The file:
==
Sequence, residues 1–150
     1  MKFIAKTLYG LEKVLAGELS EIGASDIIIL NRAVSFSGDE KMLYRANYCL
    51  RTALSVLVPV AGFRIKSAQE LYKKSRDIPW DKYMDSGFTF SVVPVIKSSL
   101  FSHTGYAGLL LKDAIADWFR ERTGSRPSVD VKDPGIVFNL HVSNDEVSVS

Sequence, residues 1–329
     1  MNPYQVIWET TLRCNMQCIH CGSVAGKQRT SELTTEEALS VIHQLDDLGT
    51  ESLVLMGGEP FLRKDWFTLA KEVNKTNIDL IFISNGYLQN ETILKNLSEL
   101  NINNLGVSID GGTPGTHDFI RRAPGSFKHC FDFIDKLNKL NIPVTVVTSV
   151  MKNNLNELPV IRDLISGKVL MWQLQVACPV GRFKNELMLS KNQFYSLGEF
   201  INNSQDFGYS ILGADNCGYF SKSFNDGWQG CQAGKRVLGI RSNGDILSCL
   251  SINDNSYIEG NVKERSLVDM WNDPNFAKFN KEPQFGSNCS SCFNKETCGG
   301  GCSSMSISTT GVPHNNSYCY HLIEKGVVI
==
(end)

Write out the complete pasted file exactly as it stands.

Sequence, residues 1–150
     1  MKFIAKTLYG LEKVLAGELS EIGASDIIIL NRAVSFSGDE KMLYRANYCL
    51  RTALSVLVPV AGFRIKSAQE LYKKSRDIPW DKYMDSGFTF SVVPVIKSSL
   101  FSHTGYAGLL LKDAIADWFR ERTGSRPSVD VKDPGIVFNL HVSNDEVSVS

Sequence, residues 1–329
     1  MNPYQVIWET TLRCNMQCIH CGSVAGKQRT SELTTEEALS VIHQLDDLGT
    51  ESLVLMGGEP FLRKDWFTLA KEVNKTNIDL IFISNGYLQN ETILKNLSEL
   101  NINNLGVSID GGTPGTHDFI RRAPGSFKHC FDFIDKLNKL NIPVTVVTSV
   151  MKNNLNELPV IRDLISGKVL MWQLQVACPV GRFKNELMLS KNQFYSLGEF
   201  INNSQDFGYS ILGADNCGYF SKSFNDGWQG CQAGKRVLGI RSNGDILSCL
   251  SINDNSYIEG NVKERSLVDM WNDPNFAKFN KEPQFGSNCS SCFNKETCGG
   301  GCSSMSISTT GVPHNNSYCY HLIEKGVVI